When Richard Whitehead steps off the start line of the 2019 Tokyo Marathon, it will be the last phase of a Six Star journey that began almost 15 years ago in New York City.
The length of time between first and final star may not be unique – many runners take well over a decade to earn that precious medal – but there are few, if any, who have matched the volume and height of achievements the British Paralympian has shoehorned in along the way.
And while his exploits on the track are the moments that beamed him into millions of television homes around the world, it is the marathon distance where the 42-year-old’s love affair with running began.
After the loss of close friend Simon Mellows to Sarcoma cancer, Whitehead pledged to run the 2004 New York City Marathon to raise funds for two cancer charities.
He ran Boston in 2009 and, by 2010, he had set a new world record for lower limb amputees when he clocked 2:42:52 in Chicago.
He completed his first Virgin Money London Marathon in 2011, but the decision not to allow lower limb amputees to compete in the marathon at the London 2012 Olympics saw him switch focus to the track.
Imagine, for a moment, Eliud Kipchoge having to make the shift from the marathon to the 200m in the space of a year. And winning.
Whitehead blasted his way to gold in the 200m at the 2011 IPC World Championships and repeated the trick in London’s Olympic Stadium the following year. He has plundered a further three world titles in the T42 200m and retained his Paralympic 200m gold in Rio in 2016, adding silver in the 100m for good measure.
Richard Whitehead competes in the 2014 Virgin Money London Marathon
2016 also saw him tick off the BMW BERLIN MARATHON, leaving just Tokyo between him and that Six Star medal.
His Paralympic ambitions are also still burning, and he is feeling good following a winter camp in South Africa as he plots his route to Tokyo 2020, with March providing a great chance not only to become a Six Star finisher but to see the city where he hopes to make it a hat-trick of 200m golds next year.
"Last year was an easy year," he says. “This year, in South Africa, it was ‘head down and get the sessions done’. I was on the track four days a week, it was quite intense.
"But when I need resilience in training, I always go back to the struggles and hard times when I have been marathon running and that’s built up a level of resilience I dip into now and then – especially those cold, dark nights and when I’ve had a two-to three-hour run to do."
It’s still astonishing to see an athlete able to swap the power and explosiveness of the sprints for the endurance of the marathon with such ease, but the man from Nottingham sees parallels between the two.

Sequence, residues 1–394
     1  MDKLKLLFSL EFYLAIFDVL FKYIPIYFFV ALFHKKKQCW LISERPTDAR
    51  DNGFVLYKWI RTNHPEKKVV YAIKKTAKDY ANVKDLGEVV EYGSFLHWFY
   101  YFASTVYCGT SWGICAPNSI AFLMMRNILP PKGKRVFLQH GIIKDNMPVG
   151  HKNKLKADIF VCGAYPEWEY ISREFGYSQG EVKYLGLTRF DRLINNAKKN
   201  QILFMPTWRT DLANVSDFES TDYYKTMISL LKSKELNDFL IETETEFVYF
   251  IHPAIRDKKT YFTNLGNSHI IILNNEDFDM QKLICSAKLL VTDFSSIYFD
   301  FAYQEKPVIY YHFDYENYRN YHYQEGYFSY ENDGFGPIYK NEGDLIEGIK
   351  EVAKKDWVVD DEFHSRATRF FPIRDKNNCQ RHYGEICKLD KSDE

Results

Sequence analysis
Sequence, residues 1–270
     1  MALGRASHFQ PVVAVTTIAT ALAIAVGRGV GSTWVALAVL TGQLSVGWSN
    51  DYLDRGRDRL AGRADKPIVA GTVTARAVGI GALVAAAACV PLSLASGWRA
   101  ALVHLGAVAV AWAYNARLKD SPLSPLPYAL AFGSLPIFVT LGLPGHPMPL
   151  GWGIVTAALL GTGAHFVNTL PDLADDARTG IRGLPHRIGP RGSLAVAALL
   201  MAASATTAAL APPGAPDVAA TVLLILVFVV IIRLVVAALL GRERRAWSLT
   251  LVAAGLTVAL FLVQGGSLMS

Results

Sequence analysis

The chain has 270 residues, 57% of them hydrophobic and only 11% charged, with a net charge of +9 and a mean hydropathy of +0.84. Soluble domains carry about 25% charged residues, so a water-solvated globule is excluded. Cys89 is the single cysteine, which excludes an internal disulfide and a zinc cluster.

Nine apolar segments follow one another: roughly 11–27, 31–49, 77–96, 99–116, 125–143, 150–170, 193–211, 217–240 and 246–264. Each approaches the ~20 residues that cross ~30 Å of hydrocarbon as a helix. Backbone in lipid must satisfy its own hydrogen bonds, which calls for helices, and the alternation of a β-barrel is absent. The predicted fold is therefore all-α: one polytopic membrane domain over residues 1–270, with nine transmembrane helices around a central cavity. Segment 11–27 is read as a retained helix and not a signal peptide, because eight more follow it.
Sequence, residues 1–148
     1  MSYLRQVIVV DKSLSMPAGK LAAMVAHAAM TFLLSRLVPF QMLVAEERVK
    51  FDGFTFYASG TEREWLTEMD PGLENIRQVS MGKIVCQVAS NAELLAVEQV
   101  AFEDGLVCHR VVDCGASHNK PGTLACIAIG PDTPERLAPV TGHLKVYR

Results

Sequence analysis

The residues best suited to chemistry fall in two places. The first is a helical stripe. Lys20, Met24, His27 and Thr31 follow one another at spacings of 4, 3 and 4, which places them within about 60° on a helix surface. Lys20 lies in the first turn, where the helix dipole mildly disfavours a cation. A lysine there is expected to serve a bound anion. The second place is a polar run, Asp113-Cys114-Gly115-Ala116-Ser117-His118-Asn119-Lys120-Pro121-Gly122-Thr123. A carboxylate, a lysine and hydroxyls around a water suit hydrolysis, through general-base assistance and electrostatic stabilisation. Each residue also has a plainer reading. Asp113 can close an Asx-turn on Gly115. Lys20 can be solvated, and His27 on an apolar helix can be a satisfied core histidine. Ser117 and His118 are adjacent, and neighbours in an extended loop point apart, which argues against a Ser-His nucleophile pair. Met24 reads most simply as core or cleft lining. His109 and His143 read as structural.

"The mentality you need is very similar,” he explains. “You still have to fully commit to it, it’s still about getting to the finish line. You have to think, ‘I’ve done this, I know how it feels,’ and you have to prepare mentally and physically. But it’s possible as long as you have the fundamentals right and the people around you who believe and trust in you."
And for the marathon, says Whitehead, it’s crucial for everyone toeing that start line to think about the shape they want to finish in.
"It’s really important because you want to have a positive experience over that 26.2. miles. You don’t want to finish and say, ‘I never want to run again’, you want to finish and say, ‘I want to do another one of the Majors, or any another marathon.’ For everyone taking it on, they will have banked their miles now, so they should ask themselves whether they need to do another long run. Race day should be a celebration of how hard you have trained, so don’t feel you have to overreach.
"Marathon running is about enriching your life and, for some, creating a new start to your life or finding a new purpose. One reason I wanted to run Tokyo was to complete the set, but also to see what it will be like next year; to embrace the culture, understand the travel aspect and also to get a flavour of the appetite for Para sport in Tokyo."
With such a focus on his preparations for 2020, the long runs will be squeezed in before race day on March 3 as a reminder to his body of what lies ahead, but for a man who once ran 40 marathons in 40 days, the adaptation should not be too taxing.
"I know the distance, but whether you’ve done one or 10, you still need to respect it. I’ve heard so many great things about Tokyo and the AbbottWMM series is something I have always wanted to complete. To be one of the hundreds of others completing in Tokyo is a great honour. Thinking back to 2004, I never thought I would be in this situation of having completed the set."